Linebackers became his thing where he coached the position in college at both New Mexico and Pittsburgh. Then in 1992, a changing of the guard took place within the Steelers organization when legendary Chuck Noll retired and a young Bill Cowher took over. Cowher was a defensive guy too, coordinating that side of the ball in Kansas City prior to landing his gig in Pittsburgh, and he loaded up his coaching staff with some other promising minds around him. Dom Capers was pegged as the defensive coordinator, Dick LeBeau was named defensive backs coach, and for the linebackers, Marvin Lewis. Marvin came into a nice situation. Already in his unit he had greats, in the tenacious pass rushing Greg Lloyd and the rangy Hardy Nickerson. Lloyd would go on to record memorable sack totals during his time in Pittsburgh, but it may have been Nickerson that revealed to Marvin the luxury of a stud inside linebacker. Nickerson moved on to Tampa Bay after that first season with Lewis (where he recorded an incredible 214 tackles in 1993), but was replaced with Levon Kirkland and Chad Brown on the inside-both future pro-bowl players. Also added that season was Kevin Greene and the foursome of Lloyd, Kirkland, Brown and Greene remain one of the best groups in linebacker lore. While in Pittsburgh, Marvin established himself as a developer of superstar players.
Then in 1996, he got a promotion. The Cleveland Browns had become the Baltimore Ravens and owner Art Modell began his tenure in his new home by turning over the coaching staff. Out were Bill Billechick and his hotshot staff of future head coaches and general managers, and in was Ted Marchibroda and his new defensive coordinator, Marvin Lewis. The team had two first-round picks that season and with the second, they selected Miami University middle linebacker, Ray Lewis.
Ray was made of the cosmic stuff that is found in exceptional talent. He was rare, but raw clay and it was Marvin that applied the glaze and the kiln that would fix that cosmic stuff in place for the next 16 years. Unlike in Pittsburgh, though, it took time to get the unit as a whole to play on a championship level and the first few years did not boast impressive win/loss totals. Marvin kept at it, and the next year added Peter Boulware and Jamie Sharper, another tandem destined for Pro-Bowls. The record improved slightly but it wasn't until 1999 when head coach Brian Billick came aboard when everything clicked. Billick was clearly the offensive coach and seemed to leave the other side of the ball to Marvin. Essentially, the Ravens played with two head coaches and a deep sense of unity began to form along the defensive ranks of the team. Their league rank went from 22nd in 98', to second in '99. The team only managed to finish at .500, but the table was set for the next season where his squad would go down as one of the greatest groups ever assembled on defense. They set the record for least amount points given up in a season and went on to win the Super Bowl. They were known as a defensive team and Marvin was given the lion's share of the credit. The next season, in 2001, they encored with another second-best league ranking and lost in the divisional round of the playoffs to the Steelers. Marvin made a prominent place for himself in the record books and became known as a true wizard of linebacker coaching.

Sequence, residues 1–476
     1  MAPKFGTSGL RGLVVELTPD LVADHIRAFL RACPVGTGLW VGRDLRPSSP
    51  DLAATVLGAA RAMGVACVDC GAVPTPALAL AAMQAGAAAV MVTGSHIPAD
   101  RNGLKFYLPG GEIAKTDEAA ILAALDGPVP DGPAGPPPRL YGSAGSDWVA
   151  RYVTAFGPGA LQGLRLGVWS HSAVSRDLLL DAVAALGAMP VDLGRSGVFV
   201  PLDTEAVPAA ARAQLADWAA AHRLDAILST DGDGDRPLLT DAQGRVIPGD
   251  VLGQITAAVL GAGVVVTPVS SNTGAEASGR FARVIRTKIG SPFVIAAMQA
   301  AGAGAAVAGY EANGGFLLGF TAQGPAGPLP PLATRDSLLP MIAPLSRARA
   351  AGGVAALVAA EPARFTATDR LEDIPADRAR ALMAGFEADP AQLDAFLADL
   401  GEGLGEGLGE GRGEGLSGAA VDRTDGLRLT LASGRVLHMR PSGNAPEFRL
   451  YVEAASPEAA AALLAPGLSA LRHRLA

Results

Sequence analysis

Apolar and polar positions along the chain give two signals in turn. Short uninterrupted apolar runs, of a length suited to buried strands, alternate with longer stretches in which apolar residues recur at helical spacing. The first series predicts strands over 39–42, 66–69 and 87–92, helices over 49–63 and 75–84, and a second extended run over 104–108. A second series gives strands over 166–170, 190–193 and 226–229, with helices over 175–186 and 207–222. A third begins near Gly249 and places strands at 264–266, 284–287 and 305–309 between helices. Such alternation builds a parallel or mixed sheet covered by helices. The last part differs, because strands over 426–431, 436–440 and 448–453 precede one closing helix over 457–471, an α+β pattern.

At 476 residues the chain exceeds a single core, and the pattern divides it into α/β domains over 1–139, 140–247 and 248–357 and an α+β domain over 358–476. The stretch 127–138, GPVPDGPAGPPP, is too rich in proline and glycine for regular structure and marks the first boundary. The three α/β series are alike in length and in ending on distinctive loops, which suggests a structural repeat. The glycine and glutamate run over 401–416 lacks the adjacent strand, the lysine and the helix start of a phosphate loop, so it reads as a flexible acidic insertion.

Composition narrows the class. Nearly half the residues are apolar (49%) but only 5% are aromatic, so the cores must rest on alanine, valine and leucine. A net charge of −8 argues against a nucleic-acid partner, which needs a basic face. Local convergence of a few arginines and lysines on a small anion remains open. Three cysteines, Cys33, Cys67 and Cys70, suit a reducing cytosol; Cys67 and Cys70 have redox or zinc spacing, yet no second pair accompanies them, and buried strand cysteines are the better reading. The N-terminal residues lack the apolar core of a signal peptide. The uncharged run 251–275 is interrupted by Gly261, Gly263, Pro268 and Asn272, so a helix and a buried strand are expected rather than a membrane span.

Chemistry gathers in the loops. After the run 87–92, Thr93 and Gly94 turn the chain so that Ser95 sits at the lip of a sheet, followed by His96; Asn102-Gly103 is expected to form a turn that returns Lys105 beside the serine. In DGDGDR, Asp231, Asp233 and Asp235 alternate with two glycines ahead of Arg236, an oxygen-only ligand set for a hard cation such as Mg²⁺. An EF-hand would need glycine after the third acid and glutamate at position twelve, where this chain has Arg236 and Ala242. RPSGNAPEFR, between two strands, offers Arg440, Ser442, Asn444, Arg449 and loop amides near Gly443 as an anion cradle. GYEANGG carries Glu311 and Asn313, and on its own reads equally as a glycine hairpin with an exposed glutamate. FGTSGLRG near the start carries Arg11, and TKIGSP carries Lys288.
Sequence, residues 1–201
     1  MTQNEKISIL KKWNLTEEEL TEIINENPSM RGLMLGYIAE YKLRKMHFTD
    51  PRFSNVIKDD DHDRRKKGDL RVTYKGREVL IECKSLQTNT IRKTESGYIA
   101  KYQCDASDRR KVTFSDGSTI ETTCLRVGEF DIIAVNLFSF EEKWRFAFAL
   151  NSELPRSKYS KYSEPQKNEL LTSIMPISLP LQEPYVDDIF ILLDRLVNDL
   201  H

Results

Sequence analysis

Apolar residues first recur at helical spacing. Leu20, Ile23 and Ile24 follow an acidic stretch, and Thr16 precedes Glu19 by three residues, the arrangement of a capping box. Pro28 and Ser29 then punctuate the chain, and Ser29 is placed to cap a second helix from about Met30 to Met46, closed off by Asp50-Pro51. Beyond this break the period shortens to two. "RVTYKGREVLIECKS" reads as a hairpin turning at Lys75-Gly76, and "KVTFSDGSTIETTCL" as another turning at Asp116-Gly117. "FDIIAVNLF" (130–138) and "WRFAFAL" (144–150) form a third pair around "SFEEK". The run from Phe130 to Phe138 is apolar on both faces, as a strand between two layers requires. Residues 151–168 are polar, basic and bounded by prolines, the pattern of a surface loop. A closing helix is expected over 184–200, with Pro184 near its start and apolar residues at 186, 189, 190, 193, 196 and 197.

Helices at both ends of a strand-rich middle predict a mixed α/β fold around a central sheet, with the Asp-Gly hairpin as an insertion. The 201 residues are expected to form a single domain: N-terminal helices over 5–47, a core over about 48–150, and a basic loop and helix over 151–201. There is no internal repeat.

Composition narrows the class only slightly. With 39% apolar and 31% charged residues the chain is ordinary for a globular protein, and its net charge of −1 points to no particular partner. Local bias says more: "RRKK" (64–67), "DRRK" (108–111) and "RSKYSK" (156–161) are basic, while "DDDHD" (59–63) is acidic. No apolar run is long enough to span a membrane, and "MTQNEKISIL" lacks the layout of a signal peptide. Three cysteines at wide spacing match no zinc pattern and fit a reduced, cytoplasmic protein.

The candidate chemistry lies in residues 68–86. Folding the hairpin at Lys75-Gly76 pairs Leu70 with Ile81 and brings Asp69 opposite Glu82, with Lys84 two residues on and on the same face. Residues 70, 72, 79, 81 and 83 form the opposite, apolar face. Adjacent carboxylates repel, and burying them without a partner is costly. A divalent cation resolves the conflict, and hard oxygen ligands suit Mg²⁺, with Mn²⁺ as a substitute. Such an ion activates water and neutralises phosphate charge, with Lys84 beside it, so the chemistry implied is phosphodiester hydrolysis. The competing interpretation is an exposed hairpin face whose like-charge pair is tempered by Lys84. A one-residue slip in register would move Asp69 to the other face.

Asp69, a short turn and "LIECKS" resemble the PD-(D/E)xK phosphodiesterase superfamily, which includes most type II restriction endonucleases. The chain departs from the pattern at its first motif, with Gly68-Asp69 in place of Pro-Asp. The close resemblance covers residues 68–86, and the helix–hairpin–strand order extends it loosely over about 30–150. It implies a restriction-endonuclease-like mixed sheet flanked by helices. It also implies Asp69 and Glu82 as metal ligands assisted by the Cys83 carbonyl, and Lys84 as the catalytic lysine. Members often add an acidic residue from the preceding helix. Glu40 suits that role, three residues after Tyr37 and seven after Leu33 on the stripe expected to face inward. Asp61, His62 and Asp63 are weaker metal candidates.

His name caught fire among the pundits who were eager to see him take control of his own team as a head coach. The sense was that he had grown too big for his britches to remain simply an assistant coach. The football world felt it was the right time to strike, but in typical Marvin fashion, he would not be swayed by outsiders.